NEW ORLEANS -- Bill Belichick hates the word "swagger."
In Michael Holley's book "Patriot Reign" the Patriots head coach became aware that one of his players had said in 2002 the team needed its swagger back. Belichick was apopleptic, decrying swagger and stressing discipline and concentration over some intangible force.
Willie McGinest didn't use the word "swagger" when I spoke with him about what seems to be ailing the Patriots in big games. But he did talk about pride, competition and intensity.
The former Patriot who developed into a big-game force and locker room sage during the Patriots' salad days, works as an NFL Network analyst now.
I asked him what he thought was lacking against the Ravens in the Patriots AFC Championship loss.
"The adjustment Baltimore made at halftime was to attack the weakness of the Patriots was to attack the passing game," McGinest stated. "They were great at turning the ball over. Great at points per game. Good red-zone defense. But at some point, if your offense isn't scoring 35, 40 points a game and you're giving up big plays in the passing game against a good offense that has a dominant defense, it's gonna be tough to win games."
The Patriots are 1-9 since 2009 in games where their offense is held to fewer than 20 points. They were 16-24 from 2001 through 2008 in those games. That's a winning percentage of .100 over the past four seasons compared to .400 in the prior eight years.
"There's nothing wrong with (an offense scoring fewer than 20 points)," McGinest said. "We beat Tennessee (in the 2003 AFC Divisional Playoffs), what, 17-14? My thought as a defender is that if your offense gives up 10 points, you can only give up nine. That's just how it is. If your offense scores seven points, you can only give up six."
Does McGinest perceive the same intensity with this group that he saw with his?
"It's not the same guys," McGinest pointed out. "We had a distinct group of guys with the attitude, our respect for the game, our competitive level. We competed against each other. It really wasn't about who we were playing against, it was more about us pushing each other. I don't know if they've developed that yet. They have a chance, they've got to spend some time together but that's not easy to teach.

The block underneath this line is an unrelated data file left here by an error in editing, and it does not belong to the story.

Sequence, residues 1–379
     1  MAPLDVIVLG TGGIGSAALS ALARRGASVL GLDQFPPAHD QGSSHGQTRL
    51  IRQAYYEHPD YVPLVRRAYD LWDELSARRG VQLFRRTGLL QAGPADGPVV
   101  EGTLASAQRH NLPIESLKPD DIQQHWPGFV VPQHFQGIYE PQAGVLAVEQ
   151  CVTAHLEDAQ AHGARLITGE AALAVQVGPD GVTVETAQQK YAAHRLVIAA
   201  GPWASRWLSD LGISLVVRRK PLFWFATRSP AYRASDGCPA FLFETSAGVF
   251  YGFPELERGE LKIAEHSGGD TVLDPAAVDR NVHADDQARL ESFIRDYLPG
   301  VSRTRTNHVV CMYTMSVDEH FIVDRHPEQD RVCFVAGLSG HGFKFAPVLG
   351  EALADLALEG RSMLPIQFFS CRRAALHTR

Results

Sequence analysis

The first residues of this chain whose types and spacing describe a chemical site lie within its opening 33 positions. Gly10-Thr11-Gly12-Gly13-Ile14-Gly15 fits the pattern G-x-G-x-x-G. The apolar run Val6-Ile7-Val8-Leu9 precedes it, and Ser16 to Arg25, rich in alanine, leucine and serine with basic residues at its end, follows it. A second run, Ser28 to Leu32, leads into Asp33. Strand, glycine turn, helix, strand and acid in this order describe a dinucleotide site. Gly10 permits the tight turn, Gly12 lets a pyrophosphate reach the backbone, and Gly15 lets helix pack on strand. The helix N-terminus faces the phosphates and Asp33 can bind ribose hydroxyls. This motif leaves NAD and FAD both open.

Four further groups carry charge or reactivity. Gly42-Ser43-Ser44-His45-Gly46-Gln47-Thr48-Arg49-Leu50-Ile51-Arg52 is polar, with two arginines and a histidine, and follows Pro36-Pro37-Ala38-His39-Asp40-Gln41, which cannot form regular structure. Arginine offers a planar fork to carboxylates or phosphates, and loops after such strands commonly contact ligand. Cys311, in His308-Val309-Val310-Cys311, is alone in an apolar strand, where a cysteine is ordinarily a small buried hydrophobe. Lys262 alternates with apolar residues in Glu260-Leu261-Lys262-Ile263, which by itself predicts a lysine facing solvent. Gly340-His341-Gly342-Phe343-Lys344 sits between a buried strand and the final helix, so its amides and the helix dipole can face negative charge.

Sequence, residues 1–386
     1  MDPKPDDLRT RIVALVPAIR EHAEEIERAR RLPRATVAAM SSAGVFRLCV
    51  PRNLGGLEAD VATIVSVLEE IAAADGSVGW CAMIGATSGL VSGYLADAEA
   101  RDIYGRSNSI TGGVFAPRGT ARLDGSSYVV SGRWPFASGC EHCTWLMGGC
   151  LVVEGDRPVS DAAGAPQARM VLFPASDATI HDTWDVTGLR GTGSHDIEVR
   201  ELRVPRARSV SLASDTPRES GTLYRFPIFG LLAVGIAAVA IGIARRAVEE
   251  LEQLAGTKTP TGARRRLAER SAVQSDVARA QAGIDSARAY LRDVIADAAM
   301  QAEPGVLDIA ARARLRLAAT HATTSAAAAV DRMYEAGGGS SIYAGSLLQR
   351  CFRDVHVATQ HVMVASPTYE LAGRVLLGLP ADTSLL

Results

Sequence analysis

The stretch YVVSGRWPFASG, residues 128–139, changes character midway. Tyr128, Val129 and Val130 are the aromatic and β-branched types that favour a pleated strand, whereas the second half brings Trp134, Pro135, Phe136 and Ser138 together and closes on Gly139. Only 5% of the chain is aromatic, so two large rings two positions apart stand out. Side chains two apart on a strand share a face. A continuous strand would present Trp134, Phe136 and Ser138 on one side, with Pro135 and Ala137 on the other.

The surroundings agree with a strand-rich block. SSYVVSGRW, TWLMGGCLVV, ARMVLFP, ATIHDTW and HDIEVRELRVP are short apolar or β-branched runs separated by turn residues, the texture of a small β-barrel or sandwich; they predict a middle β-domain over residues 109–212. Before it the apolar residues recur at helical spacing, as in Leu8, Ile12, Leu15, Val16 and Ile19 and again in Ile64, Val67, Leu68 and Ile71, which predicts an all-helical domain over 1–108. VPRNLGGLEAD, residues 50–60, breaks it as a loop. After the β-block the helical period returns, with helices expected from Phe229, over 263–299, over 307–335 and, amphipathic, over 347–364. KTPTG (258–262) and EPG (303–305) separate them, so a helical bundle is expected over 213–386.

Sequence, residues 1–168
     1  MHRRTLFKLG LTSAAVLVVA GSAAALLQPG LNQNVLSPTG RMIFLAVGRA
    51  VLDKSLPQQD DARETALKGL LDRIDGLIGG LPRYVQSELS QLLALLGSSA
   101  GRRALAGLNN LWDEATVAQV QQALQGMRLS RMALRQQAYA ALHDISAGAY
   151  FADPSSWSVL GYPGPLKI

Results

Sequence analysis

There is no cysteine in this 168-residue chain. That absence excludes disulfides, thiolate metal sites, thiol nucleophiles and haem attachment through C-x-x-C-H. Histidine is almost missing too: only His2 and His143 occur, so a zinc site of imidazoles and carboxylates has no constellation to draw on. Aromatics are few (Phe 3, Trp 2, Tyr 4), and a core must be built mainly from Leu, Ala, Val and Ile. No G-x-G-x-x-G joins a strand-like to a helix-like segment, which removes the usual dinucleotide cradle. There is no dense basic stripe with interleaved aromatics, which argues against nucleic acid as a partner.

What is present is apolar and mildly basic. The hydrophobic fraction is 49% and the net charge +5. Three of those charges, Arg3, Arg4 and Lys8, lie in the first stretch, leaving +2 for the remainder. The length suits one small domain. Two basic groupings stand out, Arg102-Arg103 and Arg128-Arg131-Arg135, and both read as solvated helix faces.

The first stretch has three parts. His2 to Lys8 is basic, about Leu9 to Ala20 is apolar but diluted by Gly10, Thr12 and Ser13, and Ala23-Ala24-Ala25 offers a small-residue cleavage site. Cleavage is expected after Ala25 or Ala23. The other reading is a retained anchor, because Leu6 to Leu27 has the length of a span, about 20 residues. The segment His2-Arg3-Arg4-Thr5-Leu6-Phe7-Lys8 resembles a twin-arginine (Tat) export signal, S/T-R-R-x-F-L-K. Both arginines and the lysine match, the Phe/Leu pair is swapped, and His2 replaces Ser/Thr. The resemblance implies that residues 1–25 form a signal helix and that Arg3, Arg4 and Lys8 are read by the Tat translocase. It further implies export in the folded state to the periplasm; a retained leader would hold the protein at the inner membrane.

"We took everything personal and we had pride," he added. "It's a different time. That's just how we were. Even the young guys that came in adapted that from us. Like the Seymours, the Vince Wilforks or some of these other guys that were there. The Asante Samuels. When Rodney came in, we already had Ty Law with that attitude. We had Lawyer Milloy. We had guys that had that mentality. We just added more guys to it. Vrabel was another guy."
There are elements of that toughness throughout the Patriots defense. Wilfork, Rob Ninkovich, Brandon Spikes and Jerod Mayo being prime examples; Devin McCourty seemingly close to the same level. But offenses aren't scared to go against the New England defense.
"It doesn't seem like (the intensity is) there but for them to be successful in the future, that's definitely something they'll have to develop," McGinest concluded.